Eduardo Galeano’s Soccer in Sun and Shadow (Verso) collects his ruminations on the history and future of soccer, and consists of vignettes describing famous players, unlikely goals and every World Cup final since 1930. The book contains much little-known trivia: Albert Camus played goalkeeper all his life because in that position your shoes don’t wear out quickly. He grew up in a poor family, and his grandmother examined the soles of his shoes every night and beat him if they were worn. Soccer fans are notoriously partisan, but Galeano describes himself as a “beggar for good soccer.” He visits the stadiums of the world with his hand outstretched, pleading for a pretty move, “And when good soccer happens, I give thanks for the miracle and I don’t give a damn which team or country performs it.”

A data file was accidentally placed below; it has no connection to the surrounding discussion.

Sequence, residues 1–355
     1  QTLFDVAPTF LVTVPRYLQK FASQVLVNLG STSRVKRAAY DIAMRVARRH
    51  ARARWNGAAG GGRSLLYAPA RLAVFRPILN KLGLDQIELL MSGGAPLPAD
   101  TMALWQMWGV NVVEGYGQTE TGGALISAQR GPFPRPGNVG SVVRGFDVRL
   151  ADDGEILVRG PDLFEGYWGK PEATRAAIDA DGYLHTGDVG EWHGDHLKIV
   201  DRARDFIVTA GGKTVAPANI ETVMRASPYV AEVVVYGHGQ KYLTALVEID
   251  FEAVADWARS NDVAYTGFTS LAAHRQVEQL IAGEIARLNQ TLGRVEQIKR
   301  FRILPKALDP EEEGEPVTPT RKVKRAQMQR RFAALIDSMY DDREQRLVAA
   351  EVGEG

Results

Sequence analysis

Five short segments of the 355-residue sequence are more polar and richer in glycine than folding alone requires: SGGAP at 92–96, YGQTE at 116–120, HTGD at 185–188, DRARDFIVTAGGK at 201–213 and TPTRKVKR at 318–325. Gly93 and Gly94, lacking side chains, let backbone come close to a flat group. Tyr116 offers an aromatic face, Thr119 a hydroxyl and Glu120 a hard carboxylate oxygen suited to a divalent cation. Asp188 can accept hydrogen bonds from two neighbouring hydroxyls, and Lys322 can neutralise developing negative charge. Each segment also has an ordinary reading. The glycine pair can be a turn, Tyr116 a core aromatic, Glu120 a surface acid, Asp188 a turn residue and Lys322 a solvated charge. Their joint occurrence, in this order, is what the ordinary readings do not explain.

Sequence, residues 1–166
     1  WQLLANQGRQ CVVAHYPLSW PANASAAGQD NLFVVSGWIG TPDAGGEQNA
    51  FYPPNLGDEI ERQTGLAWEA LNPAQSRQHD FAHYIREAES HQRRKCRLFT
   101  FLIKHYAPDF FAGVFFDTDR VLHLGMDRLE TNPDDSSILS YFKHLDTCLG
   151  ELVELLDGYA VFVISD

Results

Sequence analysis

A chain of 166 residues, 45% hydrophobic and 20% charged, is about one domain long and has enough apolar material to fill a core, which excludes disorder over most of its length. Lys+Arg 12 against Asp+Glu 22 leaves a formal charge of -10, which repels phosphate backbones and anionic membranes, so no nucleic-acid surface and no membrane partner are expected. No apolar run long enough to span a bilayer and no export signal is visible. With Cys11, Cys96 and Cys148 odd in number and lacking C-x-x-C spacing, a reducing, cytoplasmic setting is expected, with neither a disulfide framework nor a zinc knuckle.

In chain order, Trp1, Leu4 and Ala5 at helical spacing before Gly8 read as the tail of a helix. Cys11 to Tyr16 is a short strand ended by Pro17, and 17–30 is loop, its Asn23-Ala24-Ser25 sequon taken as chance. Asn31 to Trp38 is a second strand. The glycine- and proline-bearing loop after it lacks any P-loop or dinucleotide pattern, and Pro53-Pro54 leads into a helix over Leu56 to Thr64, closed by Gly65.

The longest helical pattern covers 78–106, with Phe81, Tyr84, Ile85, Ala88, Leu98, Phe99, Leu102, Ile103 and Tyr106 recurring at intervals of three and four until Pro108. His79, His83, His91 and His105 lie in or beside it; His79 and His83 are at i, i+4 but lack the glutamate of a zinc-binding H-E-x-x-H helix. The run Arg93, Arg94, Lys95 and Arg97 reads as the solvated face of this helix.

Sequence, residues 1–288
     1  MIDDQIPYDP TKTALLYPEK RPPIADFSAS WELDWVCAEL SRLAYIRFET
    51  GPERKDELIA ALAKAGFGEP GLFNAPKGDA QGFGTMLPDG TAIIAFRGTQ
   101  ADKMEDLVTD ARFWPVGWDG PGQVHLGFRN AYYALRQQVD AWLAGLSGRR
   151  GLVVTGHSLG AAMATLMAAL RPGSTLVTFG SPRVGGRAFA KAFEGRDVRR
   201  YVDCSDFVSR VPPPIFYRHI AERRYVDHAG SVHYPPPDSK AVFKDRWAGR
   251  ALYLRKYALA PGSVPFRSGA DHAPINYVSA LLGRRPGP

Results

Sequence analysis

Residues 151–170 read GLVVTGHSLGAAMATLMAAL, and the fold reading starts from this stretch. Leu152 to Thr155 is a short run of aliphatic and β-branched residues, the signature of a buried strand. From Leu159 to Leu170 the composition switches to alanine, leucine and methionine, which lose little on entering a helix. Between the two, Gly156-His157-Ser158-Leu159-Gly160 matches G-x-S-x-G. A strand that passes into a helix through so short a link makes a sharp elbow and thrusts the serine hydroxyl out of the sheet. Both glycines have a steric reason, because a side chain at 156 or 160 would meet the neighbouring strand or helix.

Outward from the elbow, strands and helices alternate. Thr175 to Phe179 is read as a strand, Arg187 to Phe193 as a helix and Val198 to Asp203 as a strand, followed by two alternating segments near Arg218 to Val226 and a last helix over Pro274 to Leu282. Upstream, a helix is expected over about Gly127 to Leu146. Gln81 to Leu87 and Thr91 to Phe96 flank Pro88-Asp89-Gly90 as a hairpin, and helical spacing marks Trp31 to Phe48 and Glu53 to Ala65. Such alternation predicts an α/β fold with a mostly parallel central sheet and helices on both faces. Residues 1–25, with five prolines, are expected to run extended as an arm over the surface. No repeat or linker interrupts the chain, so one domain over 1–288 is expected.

The folks at Philosophy Football, claim to be “sporting outfitters of intellectual distinction.” Ten years ago, they began producing a series of shirts featuring quotes from famous philosophers about football (soccer), and philosophical quotes from famous footballers. The shirt for Albert Camus reads: “All that I know most surely about morality and obligations, I owe to football.” And from the footballer Eric Cantona: “When the seagulls follow the trawler, it’s because they think sardines will be thrown in the sea.” Now there are more than three teams? worth of shirts, including Jacques Derrida: “Beyond the touchline, there is nothing,” Germaine Greer: “Football is an art” and Soren Kierkegaard: “The unhappy individual is forever quite close to the goal and at the same time some distance from it.” Watch for the shirts in fields and cafes near you.